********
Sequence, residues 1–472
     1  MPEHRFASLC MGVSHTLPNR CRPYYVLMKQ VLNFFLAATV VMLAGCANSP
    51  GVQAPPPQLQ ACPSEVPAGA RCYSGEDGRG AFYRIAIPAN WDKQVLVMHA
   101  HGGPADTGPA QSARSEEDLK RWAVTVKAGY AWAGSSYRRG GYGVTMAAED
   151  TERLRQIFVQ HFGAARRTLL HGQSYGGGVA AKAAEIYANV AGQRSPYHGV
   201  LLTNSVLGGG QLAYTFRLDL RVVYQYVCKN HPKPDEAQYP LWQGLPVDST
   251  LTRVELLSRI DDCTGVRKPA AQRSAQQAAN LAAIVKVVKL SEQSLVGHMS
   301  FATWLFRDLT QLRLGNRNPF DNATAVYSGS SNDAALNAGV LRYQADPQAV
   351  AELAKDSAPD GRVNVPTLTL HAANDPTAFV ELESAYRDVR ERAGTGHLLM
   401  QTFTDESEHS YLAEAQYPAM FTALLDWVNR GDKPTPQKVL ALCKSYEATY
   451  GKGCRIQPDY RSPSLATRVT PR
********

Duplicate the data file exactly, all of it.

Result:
Sequence, residues 1–472
     1  MPEHRFASLC MGVSHTLPNR CRPYYVLMKQ VLNFFLAATV VMLAGCANSP
    51  GVQAPPPQLQ ACPSEVPAGA RCYSGEDGRG AFYRIAIPAN WDKQVLVMHA
   101  HGGPADTGPA QSARSEEDLK RWAVTVKAGY AWAGSSYRRG GYGVTMAAED
   151  TERLRQIFVQ HFGAARRTLL HGQSYGGGVA AKAAEIYANV AGQRSPYHGV
   201  LLTNSVLGGG QLAYTFRLDL RVVYQYVCKN HPKPDEAQYP LWQGLPVDST
   251  LTRVELLSRI DDCTGVRKPA AQRSAQQAAN LAAIVKVVKL SEQSLVGHMS
   301  FATWLFRDLT QLRLGNRNPF DNATAVYSGS SNDAALNAGV LRYQADPQAV
   351  AELAKDSAPD GRVNVPTLTL HAANDPTAFV ELESAYRDVR ERAGTGHLLM
   401  QTFTDESEHS YLAEAQYPAM FTALLDWVNR GDKPTPQKVL ALCKSYEATY
   451  GKGCRIQPDY RSPSLATRVT PR